Tonight on American Masters: Margaret Mitchell & Harper Lee

Tonight on PBS, American Masters is featuring 2 new documentaries, one on Margaret Mitchell, author of Gone with the Wind, entitled Margaret Mitchell:  American Rebel.  The second is entitled Harper Lee:  Hey, Boo. Check your local listings for the times. You can watch a preview of Margaret Mitchell here . According to the web-site  "Margaret Mitchell was no ordinary writer. The one book she published in her lifetime – Gone With the Wind – sold millions of copies at the height of the Great Depression in America and won the Pulitzer Prize in 1937, 75 years ago. With over 30 million copies sold to date, it is one of the world’s best-selling novels. Equally impressive, the film adaptation of Gone With the Wind broke all box office records when it premiered in 1939, and received 10 Academy Awards.But who was the creator behind two of the world’s greatest lovers – Scarlett and Rhett – and the tumultuous romance that left book readers and film viewers wondering about their final fate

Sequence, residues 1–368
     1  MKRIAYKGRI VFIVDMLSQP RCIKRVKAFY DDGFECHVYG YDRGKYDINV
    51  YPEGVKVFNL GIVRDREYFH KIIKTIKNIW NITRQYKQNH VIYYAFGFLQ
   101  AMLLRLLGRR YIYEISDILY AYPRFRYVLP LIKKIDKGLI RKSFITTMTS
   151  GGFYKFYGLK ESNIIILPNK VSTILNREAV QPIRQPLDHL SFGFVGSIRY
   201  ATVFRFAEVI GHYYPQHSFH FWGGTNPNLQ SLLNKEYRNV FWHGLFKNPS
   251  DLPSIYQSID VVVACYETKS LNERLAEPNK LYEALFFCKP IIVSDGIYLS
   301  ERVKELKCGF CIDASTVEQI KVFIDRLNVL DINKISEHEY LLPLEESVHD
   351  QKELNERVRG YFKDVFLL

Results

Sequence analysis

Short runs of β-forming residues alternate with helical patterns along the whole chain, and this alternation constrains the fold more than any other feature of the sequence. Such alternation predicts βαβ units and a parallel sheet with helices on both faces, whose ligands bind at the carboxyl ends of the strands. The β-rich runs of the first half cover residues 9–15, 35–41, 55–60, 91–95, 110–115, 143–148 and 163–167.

Scandalous Review: The Kings' Mistresses by Elizabeth Goldsmith

Title:  The Kings' Mistresses: The Liberated Lives of Marie Mancini, Princess Colonna, and Her Sister Hortense, Duchess Mazarin Author:  Elizabeth C. Goldsmith Publisher: PublicAffairs Publication date: 4/3/2012 Pages: 288 From the inside cover: The Mancini Sisters, Marie and Hortense, were born in Rome, brought to the court of Louis XIV of France, and strategically married off by their uncle, Cardinal Mazarin, to secure his political power base. Such was the life of many young women of the age: they had no independent status under the law and were entirely a part of their husband’s property once married. Marie and Hortense, however, had other ambitions in mind altogether. Miserable in their marriages and determined to live independently, they abandoned their husbands in secret and began lives of extraordinary daring on the run and in the public eye. The beguiling sisters quickly won the affections of noblemen and kings alike. Their flight became popular fodde